Slip Slidin' Along - How DNA Binding Proteins Find Their Target
If you look closely at the structure shown above, you can see how parts of the protein lie in the grove of double-stranded DNA where they can detect the sequence by "reading" the chemical groups on the edges of the base pairs. It's important to realize that DNA binding proteins interact with the DNA double helix and not with unwound DNA where the individual bases are exposed.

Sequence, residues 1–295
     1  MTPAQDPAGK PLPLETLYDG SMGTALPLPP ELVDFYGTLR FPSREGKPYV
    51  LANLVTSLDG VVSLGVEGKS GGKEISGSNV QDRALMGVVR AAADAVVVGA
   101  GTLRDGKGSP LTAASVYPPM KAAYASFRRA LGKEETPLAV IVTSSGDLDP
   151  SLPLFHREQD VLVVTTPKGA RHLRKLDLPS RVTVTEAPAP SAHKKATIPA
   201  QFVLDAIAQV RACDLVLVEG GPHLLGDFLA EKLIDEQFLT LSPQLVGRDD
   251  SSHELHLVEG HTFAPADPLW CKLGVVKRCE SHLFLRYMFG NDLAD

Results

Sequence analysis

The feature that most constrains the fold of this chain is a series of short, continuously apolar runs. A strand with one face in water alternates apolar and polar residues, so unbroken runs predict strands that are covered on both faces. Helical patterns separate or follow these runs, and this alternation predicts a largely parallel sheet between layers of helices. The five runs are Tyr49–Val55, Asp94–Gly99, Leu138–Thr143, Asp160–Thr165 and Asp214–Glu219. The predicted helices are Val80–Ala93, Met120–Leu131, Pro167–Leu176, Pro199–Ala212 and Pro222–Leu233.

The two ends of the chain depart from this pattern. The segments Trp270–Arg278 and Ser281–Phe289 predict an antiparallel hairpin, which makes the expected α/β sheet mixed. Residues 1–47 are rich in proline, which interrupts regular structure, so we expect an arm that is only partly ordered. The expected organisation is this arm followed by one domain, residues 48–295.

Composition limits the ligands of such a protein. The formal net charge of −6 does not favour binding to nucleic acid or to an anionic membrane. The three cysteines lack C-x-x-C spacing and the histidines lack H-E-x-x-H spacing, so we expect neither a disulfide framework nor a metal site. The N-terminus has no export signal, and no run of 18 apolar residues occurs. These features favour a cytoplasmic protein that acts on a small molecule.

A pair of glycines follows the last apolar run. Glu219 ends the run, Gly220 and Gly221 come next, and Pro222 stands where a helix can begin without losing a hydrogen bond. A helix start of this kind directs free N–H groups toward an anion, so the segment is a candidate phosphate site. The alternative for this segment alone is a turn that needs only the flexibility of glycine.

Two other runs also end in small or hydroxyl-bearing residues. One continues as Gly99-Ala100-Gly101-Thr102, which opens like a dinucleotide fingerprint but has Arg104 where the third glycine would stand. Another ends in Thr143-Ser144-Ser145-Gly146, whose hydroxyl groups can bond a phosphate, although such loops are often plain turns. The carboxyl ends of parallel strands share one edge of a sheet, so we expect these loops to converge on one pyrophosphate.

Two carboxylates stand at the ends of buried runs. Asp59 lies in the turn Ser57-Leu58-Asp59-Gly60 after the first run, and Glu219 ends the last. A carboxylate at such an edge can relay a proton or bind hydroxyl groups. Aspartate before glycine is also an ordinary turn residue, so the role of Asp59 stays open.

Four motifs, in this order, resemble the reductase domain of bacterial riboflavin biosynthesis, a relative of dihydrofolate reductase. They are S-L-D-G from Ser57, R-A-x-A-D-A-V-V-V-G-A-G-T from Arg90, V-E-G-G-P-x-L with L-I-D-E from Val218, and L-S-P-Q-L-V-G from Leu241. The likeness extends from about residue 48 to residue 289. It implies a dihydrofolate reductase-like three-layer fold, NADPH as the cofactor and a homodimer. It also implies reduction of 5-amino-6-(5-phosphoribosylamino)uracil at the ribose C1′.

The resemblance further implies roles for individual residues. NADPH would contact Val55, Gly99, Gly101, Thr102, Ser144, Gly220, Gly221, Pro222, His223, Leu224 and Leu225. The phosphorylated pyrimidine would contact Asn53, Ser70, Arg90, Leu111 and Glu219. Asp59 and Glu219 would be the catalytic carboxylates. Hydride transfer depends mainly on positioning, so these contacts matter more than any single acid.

How does a DNA binding protein like lac repressor find its specific site in the genome? The most obvious explanation is that the protein binds non-specifically to any piece of DNA and checks to see if it's a specific binding site. If it is, the protein binds very tightly and doesn't fall off. If it isn't, the interaction is much weaker and the protein falls off quickly so it can check out another potential site.
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